Campaigning in future state elections could become nastier through a recommended change to Tasmanian electoral laws.
The government on Tuesday released a report which recommended various reforms to the state's Electoral Act, including changes to donation disclosure methods.
The report also recommended an amendment to section 196 of the act which requires candidates to give consent to their opponents for use of their name, image or likeness in advertisements, handbills, posters, or how-to-vote cards.
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It was recommended the rule apply only to how-to-vote cards.
It would remain an offence to publish material with incorrect or misleading information about a candidate.
Political analyst Kevin Bonham praised the recommendation.
"The restriction on not being able to name candidates is a restriction on freedom of speech," he said.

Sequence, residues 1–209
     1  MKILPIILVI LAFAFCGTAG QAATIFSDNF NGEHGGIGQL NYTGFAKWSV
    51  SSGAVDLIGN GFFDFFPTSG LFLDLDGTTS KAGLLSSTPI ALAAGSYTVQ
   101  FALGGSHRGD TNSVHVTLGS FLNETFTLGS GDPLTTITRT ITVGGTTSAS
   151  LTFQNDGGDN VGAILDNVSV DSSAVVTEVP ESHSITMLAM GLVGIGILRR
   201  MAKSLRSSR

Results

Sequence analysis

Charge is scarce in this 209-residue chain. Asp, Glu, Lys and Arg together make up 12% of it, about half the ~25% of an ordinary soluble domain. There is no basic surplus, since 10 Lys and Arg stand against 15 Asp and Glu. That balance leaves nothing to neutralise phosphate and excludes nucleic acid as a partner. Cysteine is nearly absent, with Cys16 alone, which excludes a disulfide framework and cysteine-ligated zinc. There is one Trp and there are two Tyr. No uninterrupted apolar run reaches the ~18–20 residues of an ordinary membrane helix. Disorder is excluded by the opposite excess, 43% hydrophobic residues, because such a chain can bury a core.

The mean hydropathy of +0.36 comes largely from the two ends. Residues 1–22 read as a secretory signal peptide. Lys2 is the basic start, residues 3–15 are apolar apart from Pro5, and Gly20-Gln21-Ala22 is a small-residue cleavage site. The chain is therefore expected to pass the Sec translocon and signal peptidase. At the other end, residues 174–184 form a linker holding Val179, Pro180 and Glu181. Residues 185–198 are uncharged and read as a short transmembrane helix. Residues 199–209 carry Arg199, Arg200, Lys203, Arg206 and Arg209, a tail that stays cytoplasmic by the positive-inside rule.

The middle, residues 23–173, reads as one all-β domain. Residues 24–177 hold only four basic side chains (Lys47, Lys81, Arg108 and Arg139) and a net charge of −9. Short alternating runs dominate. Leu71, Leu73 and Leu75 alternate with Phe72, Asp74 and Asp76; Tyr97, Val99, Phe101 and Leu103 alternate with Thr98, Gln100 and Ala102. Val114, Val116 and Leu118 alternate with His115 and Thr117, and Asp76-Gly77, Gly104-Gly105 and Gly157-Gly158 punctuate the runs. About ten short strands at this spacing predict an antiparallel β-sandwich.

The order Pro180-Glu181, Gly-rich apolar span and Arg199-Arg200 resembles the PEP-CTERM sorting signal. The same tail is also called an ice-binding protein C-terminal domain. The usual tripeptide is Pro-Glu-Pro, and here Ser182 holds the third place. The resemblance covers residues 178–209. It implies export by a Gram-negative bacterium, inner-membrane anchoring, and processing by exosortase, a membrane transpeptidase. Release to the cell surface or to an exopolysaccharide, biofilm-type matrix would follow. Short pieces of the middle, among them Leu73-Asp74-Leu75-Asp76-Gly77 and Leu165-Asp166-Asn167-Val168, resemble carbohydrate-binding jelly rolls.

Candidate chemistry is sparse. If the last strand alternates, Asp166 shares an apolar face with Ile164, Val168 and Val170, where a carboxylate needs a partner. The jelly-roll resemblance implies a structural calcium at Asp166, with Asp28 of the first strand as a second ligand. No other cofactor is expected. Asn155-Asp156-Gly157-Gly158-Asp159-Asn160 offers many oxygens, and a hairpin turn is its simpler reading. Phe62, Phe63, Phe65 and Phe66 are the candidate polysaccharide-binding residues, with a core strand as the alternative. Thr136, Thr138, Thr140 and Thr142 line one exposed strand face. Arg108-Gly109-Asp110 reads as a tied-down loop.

"It is also vaguely defined and based on materials from the pre-internet age."
The restriction on naming candidates does not exist in federal election campaigns.
Dr Bonham said it could lead to more lively, albeit negative, campaign debates and messaging in future state elections.
"We could see more vigorous cut-and-thrust between individual candidates and more pointed attacks," he said.
"At the moment, particularly with Legislative Council elections, debate is pretty restrictive."
He said the review proposed more extensive protections against statements that might mislead an elector in their vote.
The Tasmanian Law Reform Institute submitted to the review that section 196 unduly restricted the dissemination and receipt of information, opinions and arguments concerning government and political matters.
The final report on the Electoral Act review noted negative election campaigning had been steadily increasing over the past 20 years.
It said Tasmania was the only jurisdiction to have a provision prohibiting the use of the name, photograph or likeness of a candidate without consent.
The report made 11 recommendations for reform which Premier Peter Gutwein has said would be accepted in principle by the government.
They will inform legislation to be brought to Parliament mid-year.
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